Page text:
“Therefore I tell you, do not be anxious about your life, what you will eat or what you will drink, nor about your body, what you will put on. Is not life more than food, and the body more than clothing?”Matthew 6:25
This past Sunday (Trinity XV), I preached on the Gospel account, Matthew 6:24-34. There, our Lord preached to the anxious and encourages the Christian. One of the resources I stumbled across while preparing the sermon was a letter from Martin Luther to Matthias Weller, October 7, 1534.
Matthias was an organist and church musician. When Luther heard that Matthias was suffering from melancholy, he wrote a letter to him.Luther encouraged Matthias to find comfort in Christ and His gift of music. I think Luther’s words might encourage us when we are down too. Here is a portion of Luther’s letter to the good organist.
“Dear Matthias, do not dwell on your own thoughts, but listen to what other people have to say to you. For God has commanded men to comfort their brethren, and it is his will that the afflicted should receive such consolation as God’s very own. Thus our Lord speaks through St. Paul, “Comfort the fainthearted,” [I Thess 5:14] and through Isaiah: “Comfort ye, comfort ye my people. Speak ye comfortably” [Isa. 40:8, 9]. And elsewhere our Lord indicated that it is not his will that man should be downcast, but that he should rather serve the Lord with gladness [Deut. 28:47] and not offer him the sacrifice of sorrow. All this Moses and the prophets declared often and in many places. Our Lord also commanded us not to be anxious [Matt. 6:25], but to cast our cares upon him, for he careth for us [I Peter 5:7], as St. Peter taught from Psalm 55….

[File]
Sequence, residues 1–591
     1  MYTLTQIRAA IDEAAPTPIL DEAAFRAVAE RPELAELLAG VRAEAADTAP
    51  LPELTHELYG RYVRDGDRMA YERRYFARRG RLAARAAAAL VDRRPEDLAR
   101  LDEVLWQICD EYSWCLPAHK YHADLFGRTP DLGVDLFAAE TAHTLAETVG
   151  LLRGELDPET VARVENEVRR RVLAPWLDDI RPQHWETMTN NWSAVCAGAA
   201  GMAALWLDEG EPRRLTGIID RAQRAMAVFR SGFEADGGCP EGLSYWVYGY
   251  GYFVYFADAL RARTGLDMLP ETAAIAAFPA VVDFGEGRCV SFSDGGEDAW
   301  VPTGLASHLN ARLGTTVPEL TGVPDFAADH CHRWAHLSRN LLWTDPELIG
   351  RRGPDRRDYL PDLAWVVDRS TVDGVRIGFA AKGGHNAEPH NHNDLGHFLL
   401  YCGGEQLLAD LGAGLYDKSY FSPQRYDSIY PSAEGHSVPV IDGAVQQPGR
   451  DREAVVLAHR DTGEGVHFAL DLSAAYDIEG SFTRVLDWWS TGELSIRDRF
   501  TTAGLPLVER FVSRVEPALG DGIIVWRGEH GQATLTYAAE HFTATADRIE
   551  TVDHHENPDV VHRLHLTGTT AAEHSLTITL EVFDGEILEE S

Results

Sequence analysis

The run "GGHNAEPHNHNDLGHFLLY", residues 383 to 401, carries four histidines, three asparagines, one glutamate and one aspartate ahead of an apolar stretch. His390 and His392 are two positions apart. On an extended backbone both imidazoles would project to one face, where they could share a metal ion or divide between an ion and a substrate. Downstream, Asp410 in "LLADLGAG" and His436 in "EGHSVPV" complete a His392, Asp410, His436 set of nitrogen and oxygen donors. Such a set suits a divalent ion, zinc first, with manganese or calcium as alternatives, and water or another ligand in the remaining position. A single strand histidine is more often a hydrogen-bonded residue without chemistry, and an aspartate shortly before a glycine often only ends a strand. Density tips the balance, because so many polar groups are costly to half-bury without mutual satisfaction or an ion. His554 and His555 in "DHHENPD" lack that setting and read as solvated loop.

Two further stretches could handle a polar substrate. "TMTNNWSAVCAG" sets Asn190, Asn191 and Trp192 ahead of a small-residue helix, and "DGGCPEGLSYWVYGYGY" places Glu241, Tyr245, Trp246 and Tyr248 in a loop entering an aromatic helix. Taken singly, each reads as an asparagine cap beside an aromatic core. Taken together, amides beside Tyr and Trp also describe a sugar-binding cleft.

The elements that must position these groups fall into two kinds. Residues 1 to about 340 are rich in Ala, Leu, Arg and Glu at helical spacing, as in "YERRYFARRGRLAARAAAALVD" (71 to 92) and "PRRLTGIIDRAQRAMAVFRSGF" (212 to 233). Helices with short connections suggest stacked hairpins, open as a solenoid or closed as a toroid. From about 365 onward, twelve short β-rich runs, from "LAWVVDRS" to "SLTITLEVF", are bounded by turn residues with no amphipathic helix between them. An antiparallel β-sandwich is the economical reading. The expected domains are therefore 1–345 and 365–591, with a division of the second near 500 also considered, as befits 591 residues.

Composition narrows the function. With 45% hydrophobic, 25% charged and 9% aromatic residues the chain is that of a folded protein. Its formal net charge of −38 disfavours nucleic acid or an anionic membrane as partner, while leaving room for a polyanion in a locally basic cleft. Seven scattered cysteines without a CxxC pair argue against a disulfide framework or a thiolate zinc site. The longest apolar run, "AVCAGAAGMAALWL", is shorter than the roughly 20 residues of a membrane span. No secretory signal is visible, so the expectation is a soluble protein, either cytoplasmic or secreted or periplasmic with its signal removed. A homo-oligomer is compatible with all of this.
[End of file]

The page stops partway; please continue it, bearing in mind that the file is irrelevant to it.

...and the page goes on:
“When you are sad, therefore, and when melancholy threatens to get the upper hand, say: “Arise! I must play a song unto the Lord on my regal [ie, portable organ] (be it the ‘Te Deum Laudamus’ or the ‘Benedictus’, for the Scriptures teach us that it pleases him to hear a joyful song and the music of stringed instruments.” Then begin striking the keys and singing in accompaniment, as David and Elisha did [II Kings 3:14, 15], until your sad thoughts vanish. If the devil returns and plants worries and sad thoughts in your mind, resist him manfully and say, “Begone devil! I must now play and sing unto my Lord Christ.”
SOURCE: Luther: Letters of Spiritual Counsel. Theodore G. Tappert, trans. and ed. Regent College Publishing, Vancouver, British Columbia:1960. Pgs. 96-97.